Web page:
A few highlights from the discussion at F&B Disrupt @ The Bay as food tech leaders gather to innovate their way around old obstacles.
The afternoon session at DBS BusinessClass’s inaugural F&B Disrupt @ The Bay was a power-packed line-up of panel discussions with hot button topics ranging from replacing traditional manpower with robots to slashing rental costs by cutting out the middleman.
While the standard consensus about rising costs in rental, a shortage of manpower, stiff competition and finding new sources of food supply continued to weigh heavily on everyone’s minds, leaders and pioneers from the fields of robotics, digital POS platforms and F&B providers gathered for one afternoon to create conversation and find solutions around traditional obstacles.
“Drones can be a bit intimidating to those unfamiliar,” admitted Mark Yong, CEO, Garuda Robotics at the panel session Turn recruiting into robotics – a unique way to combat the manpower crunch, adding that, “like it or not, robots are going to be a lot more ubiquitous in the future –and this future might arrive a lot sooner than we expect.”
Dr James Xia, Director of Unitech Mechatronics – which makes autonomous service robots – thinks the challenge lies in the improvement of artificial intelligence – how do you make robots smarter? He also says that it hasn’t been easy to encourage adoption of robots as a lot of people on the ground are suspicious – they think that robots will replace them.
“Cost is also a huge consideration,” according to Bentink Yong, Regional Sales Director of Techmetics – makers of F&B and Hotel service robot Techi. “How much manpower can you really save by using robots?”
Robert Taramelli, CEO of RoboFusion - which makes, among many other things, a fully automated ice-cream machine – begs to differ, from the viewpoint of a F&B operator. He argues that it costs over S$200,000 to start a F&B business, once you count rental, utilities and insurance. Robot vendors provide a more sanitary solution, especially in food preperation (customer confidence) and a much smaller footprint within a retail mall (lower costs). He also adds that lot of companies may not see the value in robots assisting existing staff – it’s either one or the other.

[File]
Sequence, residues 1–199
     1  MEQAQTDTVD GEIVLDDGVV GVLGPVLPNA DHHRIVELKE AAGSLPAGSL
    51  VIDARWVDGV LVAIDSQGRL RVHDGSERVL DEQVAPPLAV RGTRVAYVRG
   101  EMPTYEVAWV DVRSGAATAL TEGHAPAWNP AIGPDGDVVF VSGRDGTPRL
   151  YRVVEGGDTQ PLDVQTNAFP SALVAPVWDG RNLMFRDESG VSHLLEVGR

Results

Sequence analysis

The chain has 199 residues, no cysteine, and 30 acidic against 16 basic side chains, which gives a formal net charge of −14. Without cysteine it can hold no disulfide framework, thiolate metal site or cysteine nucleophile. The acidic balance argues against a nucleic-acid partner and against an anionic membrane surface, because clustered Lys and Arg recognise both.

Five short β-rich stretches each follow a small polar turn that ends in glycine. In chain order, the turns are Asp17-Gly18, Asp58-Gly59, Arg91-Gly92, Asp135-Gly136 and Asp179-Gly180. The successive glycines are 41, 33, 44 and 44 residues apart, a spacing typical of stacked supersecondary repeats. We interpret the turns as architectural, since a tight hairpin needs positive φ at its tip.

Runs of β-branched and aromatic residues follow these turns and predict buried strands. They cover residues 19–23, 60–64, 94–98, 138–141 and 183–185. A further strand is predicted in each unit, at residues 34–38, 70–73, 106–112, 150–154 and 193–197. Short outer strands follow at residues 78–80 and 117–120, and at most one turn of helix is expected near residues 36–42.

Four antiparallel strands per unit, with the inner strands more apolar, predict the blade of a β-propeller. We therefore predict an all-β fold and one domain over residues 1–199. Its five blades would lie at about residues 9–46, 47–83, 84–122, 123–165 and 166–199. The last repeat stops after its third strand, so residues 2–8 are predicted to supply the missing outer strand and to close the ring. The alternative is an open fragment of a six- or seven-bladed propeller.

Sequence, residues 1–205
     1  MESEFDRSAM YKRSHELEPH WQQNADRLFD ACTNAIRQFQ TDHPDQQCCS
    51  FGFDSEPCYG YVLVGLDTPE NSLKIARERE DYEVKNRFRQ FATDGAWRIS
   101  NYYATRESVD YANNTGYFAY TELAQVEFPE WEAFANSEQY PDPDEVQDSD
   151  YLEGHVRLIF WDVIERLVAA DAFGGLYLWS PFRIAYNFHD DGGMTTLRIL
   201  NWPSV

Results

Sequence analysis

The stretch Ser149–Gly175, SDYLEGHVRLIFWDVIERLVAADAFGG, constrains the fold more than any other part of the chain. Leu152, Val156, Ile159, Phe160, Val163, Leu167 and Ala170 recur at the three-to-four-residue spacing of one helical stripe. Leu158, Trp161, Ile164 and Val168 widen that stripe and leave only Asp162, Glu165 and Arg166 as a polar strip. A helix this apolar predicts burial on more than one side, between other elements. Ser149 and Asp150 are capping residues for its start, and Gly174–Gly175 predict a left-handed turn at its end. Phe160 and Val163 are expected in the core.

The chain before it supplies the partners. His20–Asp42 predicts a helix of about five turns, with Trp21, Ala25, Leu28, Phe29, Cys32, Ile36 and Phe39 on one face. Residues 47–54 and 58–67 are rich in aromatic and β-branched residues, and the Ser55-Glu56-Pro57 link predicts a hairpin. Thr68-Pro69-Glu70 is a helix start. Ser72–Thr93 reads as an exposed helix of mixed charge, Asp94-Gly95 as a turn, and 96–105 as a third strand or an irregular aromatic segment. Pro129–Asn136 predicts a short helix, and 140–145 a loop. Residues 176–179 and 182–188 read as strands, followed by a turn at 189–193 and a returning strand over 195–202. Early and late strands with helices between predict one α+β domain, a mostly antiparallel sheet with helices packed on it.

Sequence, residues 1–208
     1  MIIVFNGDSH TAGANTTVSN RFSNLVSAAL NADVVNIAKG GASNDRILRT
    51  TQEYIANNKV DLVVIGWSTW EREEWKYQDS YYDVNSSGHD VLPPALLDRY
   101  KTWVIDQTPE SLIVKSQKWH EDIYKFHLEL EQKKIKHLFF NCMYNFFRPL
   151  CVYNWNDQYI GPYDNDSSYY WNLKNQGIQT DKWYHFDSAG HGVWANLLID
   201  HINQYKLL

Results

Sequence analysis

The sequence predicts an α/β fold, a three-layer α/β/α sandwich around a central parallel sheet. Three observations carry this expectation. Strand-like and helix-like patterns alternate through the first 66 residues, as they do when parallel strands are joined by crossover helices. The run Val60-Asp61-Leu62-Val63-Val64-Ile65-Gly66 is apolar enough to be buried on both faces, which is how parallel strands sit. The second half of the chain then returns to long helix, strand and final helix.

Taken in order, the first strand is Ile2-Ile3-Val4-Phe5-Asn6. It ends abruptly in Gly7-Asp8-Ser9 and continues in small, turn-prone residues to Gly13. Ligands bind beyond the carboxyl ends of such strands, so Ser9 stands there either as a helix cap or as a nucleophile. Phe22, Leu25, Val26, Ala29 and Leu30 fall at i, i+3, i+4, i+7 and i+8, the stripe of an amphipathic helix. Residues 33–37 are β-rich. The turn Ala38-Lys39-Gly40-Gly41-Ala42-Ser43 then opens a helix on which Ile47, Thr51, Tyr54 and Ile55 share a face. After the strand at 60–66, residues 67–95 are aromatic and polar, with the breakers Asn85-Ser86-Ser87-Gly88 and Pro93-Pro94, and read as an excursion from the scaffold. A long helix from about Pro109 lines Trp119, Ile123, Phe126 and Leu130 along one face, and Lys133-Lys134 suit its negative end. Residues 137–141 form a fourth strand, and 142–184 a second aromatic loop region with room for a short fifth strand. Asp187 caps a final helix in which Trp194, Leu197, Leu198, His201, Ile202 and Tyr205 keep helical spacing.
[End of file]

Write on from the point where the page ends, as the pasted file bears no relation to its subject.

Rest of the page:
“What most people don’t realise is that robots are already heavily in use in the back-end in many industries, such as manufacturing and healthcare,” said Bentink Yong. “But it’s going to be a huge leap to bring robots from back end to front end because of a fear of something new.”
“There’s a lot of education involved,” said Chirag Tejuja, Co-founder of TabSquare at the panel discussion The Pay-offs of POS – how digital platforms can reduce waiting time. “It’s important to stay focused because customers just want that one thing,” continued Tejuja, asserting that “at the end of the day it’s about what the customer needs to win.”
Ken Chen, Founder of Taiwan’s iChef, was inclined to agree.“You can’t sell changes to people who don’t want to change,” he said, adding that “it’s hard enough to do point-of-sales and the customer engagement right. Just getting one thing right is tough enough.”
“If you can think it, you can make it,” insisted Anuj Jain, VP of Mobikon, India. “What’s needed is simplicity, backed by solid technology.” Jain continued by saying, “There is a lot of confusion with regards to platforms and customer relationship management. To help the restaurants get more efficient we need to think more about the customers and not the product. We need to create an ecosystem of collaboration.”
No one has cracked the code of POS yet, only time will tell who can accomplish that feat” mused Jonathan Lim, Founder, Oddle. “There’s a lot of ways to collaborate – but how many restaurants are willing to change the way they’re doing things?”
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